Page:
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Clinical Practice: Alzheimer's vaccine reviewed
A controversial vaccine that was the subject of a halted trial to prevent
cognitive decline in Alzheimer's patients could have the potential to be
reformulated to eliminate its toxicity while retaining the benefits. In a
Practice Point article in the December issue of Nature Clinical Practice
Neurology, Thomas Wisniewski considers how this could be achieved, while
commenting on the recently published trial results.
Despite evidence that an amyloid beta vaccine can reduce brain
amyloid deposits and improve cognitive function in patients with Alzheimer's
disease, the clinical trial was stopped owing to the development of
encephalitis in a small proportion of patients. Wisniewski points out that
the positive and negative effects of the vaccine are attributable to
different components of the immune response. Improvements in cognitive
function were linked to an antibody-mediated response, whereas encephalitis
was associated with a cell-mediated response. Antibodies that are engineered
to avoid the cell-mediated response while retaining the antibody-mediated
response could be the way forward, he argues.
The ability to image amyloid plaques in the living brain is important both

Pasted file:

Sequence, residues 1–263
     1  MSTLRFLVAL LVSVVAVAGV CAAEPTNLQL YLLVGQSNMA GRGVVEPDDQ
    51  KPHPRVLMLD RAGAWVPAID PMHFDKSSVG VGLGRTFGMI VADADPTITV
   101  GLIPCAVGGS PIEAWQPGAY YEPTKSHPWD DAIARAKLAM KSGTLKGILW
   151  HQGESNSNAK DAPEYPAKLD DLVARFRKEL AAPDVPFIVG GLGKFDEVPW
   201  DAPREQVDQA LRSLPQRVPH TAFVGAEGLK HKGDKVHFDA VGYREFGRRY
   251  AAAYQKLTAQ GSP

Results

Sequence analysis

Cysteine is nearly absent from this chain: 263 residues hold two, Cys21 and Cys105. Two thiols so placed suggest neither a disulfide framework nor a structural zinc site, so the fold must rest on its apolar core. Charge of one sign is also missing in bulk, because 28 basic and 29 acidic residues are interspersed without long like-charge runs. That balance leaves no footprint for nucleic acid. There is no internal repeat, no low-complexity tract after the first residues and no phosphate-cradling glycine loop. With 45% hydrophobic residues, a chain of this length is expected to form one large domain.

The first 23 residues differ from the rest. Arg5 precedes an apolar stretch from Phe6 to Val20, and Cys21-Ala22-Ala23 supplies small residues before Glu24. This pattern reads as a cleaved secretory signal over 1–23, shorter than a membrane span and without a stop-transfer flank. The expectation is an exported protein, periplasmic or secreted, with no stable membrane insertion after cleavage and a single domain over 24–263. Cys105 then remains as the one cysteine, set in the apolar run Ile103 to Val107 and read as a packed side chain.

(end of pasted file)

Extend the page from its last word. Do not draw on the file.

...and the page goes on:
for the diagnosis of Alzheimer's disease and for increasing our knowledge of
the underlying disease mechanisms. In a Technology Insight Review article,
Dan Huddleston and Scott Small review recent progress using positron
emission tomography (PET scanning) in humans, and consider whether some
promising results using magnetic resonance imaging in animals might be
translated into the clinical setting.
Author contact details:
Thomas Wisniewski (New York University School of Medicine, New York, NY,USA)
Tel: +1 212 263 2152; Email: [email protected]
Scott A Small (Columbia University College of Physicians and Surgeons, New
York, NY, USA)
Tel: +1 212-305-9194; Email: [email protected]
Also in this issue....
Statins are being widely touted as the latest 'wonder drugs', and a Drug
Insight Review in this issue explores their potential for treating
neuroinflammatory diseases such as multiple sclerosis.
Author contact details:
Scott Zamvil (University of California San Francisco, CA, USA)
Tel: +1 415-502-7395; Email: [email protected]
The Nature Clinical Practice journals:
The first four journals launched in November 2004 and a further four in
November 2005. This is NPG's most extensive launch programme and the Nature
Clinical Practice series is due to extend to 15 titles over the next few
Each month the journals filter original research in their field,
highlighting the most important research articles, then explaining how the
research affects patients' treatments. Content also includes editorial and
opinion pieces, highlights from the current literature, commentaries on the
application of recent research to practical patient care, thorough reviews,
and in-depth case studies.
Katharine Mansell, Nature London
Tel: +44 20 7843 4658; E-mail: [email protected]
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